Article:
Groups pledge to help defend Virginia city’s customary prayer at public meetings

Mayor Chesapeake Alan Krasnoff
Mayor Chesapeake Alan Krasnoff


Following complaints from a Wisconsin-based atheist group against a Virginia city that opens public meetings with prayer, the Alliance Defense Fund and the Family Foundation of Virginia have offered to provide pro bono legal assistance if the city adopts a prayer policy that is challenged in court.

The 14,000-member Freedom From Religion Foundation had sent letters of complaint to the city of Chesapeake, Virginia because of what the group called its “illegal practice” of routine opening prayers at its public meetings.

ADF Senior Legal Council Mike Johnson, speaking in a press release announcing the pro bono aid, defended prayer in public meetings.

“America’s founders opened public meetings with prayer. Public officials today should be able to do the same,” Johnson said. “Those who oppose invocations are essentially arguing that the Founders were violating the Constitution as they were writing it. The Constitution allows public officials today to do the same thing America’s Founders did.”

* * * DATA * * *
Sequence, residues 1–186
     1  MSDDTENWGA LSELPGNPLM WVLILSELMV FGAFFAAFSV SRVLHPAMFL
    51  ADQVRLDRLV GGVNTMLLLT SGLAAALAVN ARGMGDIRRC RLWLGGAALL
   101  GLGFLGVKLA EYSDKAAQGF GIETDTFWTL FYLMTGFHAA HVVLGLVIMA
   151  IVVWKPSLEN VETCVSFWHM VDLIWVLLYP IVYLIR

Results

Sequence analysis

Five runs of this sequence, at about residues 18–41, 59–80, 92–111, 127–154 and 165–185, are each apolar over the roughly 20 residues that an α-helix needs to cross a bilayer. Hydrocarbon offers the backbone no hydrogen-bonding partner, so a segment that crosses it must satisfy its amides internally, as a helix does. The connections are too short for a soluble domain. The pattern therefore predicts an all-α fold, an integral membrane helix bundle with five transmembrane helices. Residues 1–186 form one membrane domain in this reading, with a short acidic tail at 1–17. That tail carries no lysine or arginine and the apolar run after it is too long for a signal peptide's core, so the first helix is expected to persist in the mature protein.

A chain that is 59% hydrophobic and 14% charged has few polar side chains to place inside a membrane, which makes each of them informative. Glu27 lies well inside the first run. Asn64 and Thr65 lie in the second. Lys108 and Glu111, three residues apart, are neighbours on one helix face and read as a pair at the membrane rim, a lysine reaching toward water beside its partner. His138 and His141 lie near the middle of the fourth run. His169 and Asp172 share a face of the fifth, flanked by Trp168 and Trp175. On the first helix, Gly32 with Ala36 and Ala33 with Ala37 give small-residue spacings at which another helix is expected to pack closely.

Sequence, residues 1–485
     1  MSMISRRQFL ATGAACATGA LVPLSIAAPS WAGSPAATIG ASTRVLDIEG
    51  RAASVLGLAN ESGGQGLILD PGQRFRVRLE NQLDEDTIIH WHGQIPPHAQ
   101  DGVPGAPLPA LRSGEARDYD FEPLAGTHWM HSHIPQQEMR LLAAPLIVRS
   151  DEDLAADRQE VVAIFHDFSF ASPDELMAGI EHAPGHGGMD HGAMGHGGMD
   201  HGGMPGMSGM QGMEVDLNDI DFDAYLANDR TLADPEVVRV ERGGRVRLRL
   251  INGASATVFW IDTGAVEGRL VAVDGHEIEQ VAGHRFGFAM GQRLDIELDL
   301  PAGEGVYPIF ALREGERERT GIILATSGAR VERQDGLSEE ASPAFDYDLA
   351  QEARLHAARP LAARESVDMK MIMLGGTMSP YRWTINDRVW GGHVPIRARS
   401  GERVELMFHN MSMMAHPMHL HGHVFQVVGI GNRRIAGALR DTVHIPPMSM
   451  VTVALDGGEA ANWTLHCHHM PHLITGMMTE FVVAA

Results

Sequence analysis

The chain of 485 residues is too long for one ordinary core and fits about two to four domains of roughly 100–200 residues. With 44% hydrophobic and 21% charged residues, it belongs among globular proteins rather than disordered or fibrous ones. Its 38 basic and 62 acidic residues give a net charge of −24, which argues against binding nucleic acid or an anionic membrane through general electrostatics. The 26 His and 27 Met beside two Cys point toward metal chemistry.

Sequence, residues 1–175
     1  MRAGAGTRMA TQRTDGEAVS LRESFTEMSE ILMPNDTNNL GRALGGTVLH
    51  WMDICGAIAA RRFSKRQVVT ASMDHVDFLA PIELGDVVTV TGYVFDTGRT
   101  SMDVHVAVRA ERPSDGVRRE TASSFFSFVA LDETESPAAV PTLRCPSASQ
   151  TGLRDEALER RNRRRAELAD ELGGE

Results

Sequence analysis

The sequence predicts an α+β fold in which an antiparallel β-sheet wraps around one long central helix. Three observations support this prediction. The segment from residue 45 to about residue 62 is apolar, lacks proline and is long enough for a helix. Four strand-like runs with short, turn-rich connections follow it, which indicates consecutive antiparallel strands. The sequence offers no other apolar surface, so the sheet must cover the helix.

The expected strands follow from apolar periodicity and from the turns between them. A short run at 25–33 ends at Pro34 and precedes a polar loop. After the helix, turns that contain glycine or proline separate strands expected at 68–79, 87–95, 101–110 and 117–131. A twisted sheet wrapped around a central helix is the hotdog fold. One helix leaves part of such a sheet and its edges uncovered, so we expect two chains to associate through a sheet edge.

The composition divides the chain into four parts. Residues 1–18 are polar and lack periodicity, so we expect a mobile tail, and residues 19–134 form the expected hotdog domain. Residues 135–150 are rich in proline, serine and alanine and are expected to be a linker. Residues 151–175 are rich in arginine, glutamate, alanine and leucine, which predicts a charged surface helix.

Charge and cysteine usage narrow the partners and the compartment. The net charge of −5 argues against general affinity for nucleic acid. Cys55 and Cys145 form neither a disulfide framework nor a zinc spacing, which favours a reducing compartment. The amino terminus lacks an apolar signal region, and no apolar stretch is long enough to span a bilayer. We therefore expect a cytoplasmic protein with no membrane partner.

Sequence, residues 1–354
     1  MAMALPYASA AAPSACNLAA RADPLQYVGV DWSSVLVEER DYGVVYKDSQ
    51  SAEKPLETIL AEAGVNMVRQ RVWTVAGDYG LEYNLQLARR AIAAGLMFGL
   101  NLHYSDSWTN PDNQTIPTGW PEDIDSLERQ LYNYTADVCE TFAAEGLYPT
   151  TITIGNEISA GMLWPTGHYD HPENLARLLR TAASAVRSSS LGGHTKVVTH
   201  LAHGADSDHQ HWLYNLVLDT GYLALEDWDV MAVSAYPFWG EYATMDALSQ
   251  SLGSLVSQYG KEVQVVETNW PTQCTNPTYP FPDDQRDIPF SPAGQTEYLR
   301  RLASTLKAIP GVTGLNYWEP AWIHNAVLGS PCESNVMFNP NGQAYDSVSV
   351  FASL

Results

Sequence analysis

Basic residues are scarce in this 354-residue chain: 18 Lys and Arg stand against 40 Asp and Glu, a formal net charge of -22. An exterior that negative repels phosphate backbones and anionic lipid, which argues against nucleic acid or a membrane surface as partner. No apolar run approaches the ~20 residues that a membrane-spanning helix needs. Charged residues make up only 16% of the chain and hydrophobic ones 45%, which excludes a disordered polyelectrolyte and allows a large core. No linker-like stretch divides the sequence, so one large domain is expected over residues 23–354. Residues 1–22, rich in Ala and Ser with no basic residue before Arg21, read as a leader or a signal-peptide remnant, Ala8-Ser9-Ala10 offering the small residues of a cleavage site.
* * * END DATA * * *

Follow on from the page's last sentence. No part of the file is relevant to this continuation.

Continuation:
“Public prayer has been an essential part of our heritage since the time of this nation’s founding, and our Constitution has always protected the activity. Moreover, such prayer can include sectarian references without running afoul of the First Amendment’s Establishment Clause.”

Johnson also characterized the atheist group’s complaints as “threats.”

Victoria Cobb, president of The Family Foundation of Virginia, charged that the Freedom From Religion Foundation had based its complaint on “flawed legal analysis and misrepresented court cases.”

The August 4 letter from the ADF to the city of Chesapeake says that the legality of public invocations is “beyond dispute,” listing several legal precedents. In one example it quotes Chief Justice Warren Burger’s opinion in the 1983 decision Marsh v. Chambers.

There, the chief justice said that opening legislative sessions and other public sessions with prayer is “deeply embedded in the history and tradition of this country.”

“From colonial times through the founding of the Republic and ever since, the practice of legislative prayer has coexisted with the principles of disestablishment and religious freedom,” Burger said.

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